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Avia Avi-Stoltz Trail Shoes PDF Print E-mail
Running Product News - Running Shoe News

We've all been told that first impressions can be deceiving.  Rarely, however, do I find that to be true with running shoes.  In the old days, it might take 30 to 50 miles to break in a pair of shoes, but that isn't true anymore.  Consequently, I'm pretty good at sizing up a pair of shoes after one run.

In my First Impressions of the Avi-Stoltz trail shoes I wrote that I found the shoes harsh on paved roads.  Yes, these are trail shoes, but many of us have to run on paved roads to get to the trails.  (Driving someplace to go for a run is just lame, except in extreme situations.)  After a dozen or more runs in these shoes, I no longer find them to be harsh.  Perhaps the shoes or I (more likely the latter) were having a bad day.  I find these shoes to be a delight, on the trail and on paved roads.

As for their weight, 12.2 oz for a size 11, they are actually fairly light for a sturdy pair of trail shoes.  Yes, my NB 790s weigh in at 9.4 oz (also size 11), but those shoes are minimalist shoes not appropriate for rugged trails and didn't give me the confidence that the Avi-Stoltz shoes give me.  The Avi-Stoltz shoes provide all the confidence one would need at a weight that isn't much above that of a light weight trainer.

Finally, as for their looks, these shoes have grown on me.  Whereas I at first considered them ugly, I now like their looks.  So much for first impressions!

Summing it all up...the Avia Avi-Stoltz trail shoes are great trail shoes.  They provide excellent traction in all kinds of trail conditions: they shed mud, cling to rock, grab loose dirt, and generally provide runners with an aggressive tread.  These shoes provide a reasonable amount of support without altering your stride on smooth surfaces by offering a wide foundation.  They provide an ample amount of protection from harsh trail conditions.  They are comfortable and flexible, and so far appear to be durable.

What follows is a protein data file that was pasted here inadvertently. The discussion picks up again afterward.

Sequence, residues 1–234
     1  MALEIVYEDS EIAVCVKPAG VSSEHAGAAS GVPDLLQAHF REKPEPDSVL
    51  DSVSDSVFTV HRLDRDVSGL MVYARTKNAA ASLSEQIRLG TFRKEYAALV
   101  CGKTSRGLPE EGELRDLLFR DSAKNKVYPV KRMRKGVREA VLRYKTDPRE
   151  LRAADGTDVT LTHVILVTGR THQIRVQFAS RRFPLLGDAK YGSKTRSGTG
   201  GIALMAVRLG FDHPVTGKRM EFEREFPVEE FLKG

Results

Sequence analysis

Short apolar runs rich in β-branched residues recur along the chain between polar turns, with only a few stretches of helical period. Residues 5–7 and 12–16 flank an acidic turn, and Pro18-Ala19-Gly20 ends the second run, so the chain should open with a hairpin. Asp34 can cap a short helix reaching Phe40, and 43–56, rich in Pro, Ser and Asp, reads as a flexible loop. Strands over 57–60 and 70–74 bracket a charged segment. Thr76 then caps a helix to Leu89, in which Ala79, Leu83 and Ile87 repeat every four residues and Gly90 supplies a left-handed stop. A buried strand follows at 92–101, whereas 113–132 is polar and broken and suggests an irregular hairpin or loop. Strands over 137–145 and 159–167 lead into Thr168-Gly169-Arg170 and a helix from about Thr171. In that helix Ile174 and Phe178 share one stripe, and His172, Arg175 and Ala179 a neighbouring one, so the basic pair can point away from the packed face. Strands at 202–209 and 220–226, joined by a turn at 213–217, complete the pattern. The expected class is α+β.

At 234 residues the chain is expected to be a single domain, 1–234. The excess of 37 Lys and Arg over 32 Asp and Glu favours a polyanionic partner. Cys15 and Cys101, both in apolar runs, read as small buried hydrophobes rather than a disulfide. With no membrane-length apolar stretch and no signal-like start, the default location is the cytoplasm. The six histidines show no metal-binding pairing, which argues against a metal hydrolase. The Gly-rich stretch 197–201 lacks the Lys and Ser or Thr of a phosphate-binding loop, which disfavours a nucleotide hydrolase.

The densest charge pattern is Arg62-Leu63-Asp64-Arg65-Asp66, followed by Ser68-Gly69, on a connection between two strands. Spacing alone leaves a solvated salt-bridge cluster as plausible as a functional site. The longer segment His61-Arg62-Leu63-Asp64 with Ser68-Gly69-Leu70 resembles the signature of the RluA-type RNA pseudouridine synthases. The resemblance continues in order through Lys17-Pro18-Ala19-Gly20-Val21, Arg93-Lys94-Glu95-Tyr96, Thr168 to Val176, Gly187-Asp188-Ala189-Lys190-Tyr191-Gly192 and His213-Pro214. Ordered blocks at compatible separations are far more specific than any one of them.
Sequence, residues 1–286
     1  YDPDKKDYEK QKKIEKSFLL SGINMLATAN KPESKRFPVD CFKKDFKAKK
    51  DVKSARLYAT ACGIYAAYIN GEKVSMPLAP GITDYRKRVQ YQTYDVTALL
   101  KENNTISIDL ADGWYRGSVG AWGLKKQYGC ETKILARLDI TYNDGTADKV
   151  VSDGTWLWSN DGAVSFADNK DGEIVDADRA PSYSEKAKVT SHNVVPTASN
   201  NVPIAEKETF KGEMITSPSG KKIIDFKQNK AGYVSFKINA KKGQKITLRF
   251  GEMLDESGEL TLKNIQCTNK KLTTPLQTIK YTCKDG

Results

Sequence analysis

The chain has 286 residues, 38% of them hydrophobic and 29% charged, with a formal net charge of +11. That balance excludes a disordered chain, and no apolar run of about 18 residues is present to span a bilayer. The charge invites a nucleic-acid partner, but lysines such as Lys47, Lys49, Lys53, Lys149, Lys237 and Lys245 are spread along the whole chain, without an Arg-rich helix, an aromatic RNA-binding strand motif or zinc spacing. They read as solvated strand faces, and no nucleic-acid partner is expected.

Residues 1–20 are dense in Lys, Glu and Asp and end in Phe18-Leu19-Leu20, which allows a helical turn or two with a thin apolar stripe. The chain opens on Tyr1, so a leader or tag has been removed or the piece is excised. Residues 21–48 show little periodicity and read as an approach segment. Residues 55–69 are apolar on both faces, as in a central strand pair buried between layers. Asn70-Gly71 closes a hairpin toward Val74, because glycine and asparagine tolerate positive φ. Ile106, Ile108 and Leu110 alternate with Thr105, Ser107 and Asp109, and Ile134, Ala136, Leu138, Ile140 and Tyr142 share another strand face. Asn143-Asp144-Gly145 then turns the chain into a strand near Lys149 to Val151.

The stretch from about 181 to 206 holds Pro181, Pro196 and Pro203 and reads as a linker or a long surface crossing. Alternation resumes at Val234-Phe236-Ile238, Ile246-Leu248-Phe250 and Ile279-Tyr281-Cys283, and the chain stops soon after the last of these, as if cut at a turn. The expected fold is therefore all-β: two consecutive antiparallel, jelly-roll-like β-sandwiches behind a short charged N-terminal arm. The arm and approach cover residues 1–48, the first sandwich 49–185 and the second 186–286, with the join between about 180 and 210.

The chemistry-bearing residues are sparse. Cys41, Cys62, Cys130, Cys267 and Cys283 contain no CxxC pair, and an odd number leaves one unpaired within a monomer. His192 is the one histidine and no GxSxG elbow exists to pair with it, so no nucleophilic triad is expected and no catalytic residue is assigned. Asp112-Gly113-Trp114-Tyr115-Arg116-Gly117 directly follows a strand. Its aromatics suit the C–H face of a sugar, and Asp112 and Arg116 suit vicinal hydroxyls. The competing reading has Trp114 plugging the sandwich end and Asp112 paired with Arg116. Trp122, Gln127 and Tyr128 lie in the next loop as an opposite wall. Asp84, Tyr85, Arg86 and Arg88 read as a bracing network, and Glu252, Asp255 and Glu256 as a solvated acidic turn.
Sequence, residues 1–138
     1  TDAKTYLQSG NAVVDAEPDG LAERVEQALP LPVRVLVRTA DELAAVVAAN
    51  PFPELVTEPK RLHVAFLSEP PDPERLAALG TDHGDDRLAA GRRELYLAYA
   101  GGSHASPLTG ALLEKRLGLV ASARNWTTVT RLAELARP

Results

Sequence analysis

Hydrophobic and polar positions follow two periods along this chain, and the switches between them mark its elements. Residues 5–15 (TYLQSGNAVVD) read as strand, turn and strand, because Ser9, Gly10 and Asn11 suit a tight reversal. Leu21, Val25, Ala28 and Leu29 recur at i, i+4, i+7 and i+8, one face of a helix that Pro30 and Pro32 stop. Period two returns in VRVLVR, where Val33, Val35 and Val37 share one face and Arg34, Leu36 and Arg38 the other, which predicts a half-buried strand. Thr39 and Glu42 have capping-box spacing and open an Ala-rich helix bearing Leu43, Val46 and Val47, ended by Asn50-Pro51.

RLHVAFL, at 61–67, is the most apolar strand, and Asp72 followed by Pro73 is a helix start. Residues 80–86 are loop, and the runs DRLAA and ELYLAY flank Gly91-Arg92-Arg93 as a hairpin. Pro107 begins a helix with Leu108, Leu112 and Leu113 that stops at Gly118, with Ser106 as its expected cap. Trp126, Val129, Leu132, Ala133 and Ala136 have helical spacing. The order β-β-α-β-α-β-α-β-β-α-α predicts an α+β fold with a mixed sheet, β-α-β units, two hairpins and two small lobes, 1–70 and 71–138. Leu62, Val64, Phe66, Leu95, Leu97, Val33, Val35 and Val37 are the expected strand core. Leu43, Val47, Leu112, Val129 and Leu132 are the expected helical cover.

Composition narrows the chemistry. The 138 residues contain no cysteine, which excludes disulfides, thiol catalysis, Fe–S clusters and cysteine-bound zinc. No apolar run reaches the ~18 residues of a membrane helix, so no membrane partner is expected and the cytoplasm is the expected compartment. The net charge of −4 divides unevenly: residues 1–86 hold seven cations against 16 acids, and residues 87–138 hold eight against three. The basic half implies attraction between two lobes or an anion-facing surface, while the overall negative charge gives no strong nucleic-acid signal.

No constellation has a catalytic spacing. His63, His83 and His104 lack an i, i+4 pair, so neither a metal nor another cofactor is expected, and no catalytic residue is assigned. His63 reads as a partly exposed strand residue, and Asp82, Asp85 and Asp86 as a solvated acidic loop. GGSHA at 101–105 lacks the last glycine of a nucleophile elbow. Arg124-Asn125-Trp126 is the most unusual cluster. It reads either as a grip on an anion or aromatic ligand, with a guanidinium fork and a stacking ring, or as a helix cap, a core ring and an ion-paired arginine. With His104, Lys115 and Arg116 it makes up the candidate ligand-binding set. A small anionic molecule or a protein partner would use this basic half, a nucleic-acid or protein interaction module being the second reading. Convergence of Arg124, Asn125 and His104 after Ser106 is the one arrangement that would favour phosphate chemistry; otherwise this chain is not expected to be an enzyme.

Garmin Forerunner 310XT PDF Print E-mail

I have long been a fan of the Garmin Forerunner 305.  I got one back in 2006 and have used it steadily since then.  It is a great tool for both the runner and triathlete.  There was no better device for monitoring your workout and for keeping track of your training history.  (See the recent article on RunningAhead.com's ability to upload Garmin data.)

That may no longer be true.  Garmin has recently released an upgrade to the Forerunner 305: the Forerunner 310XT.  On paper, this new GPS unit offers some serious advantages over the 305.  For those with limited attention spans, here is a list of features:
Hammer Perpetuem's New Flavor PDF Print E-mail
Monday, 26 January 2009 03:35

The best ultra-distance fuel, Hammer Perpetuem, will soon come in a new flavor: Caffe Latte.  Does that mean we are going to start seeing a bunch of teenage girls drinking Perpetuem?  Well, I wouldn't know about that, but it does address the primary complaint people have about Perpetuem...its taste when warm.  Personally, I've never had a problem with the taste of Perpetuem, whether it was cold or hot, but I think this is flavor worth a try.  Given Hammer Nutrition's history of producing subtly flavored, not-to-sweet products, I'm confident it will go down easily.  I'll report back as soon as I get my hands on some.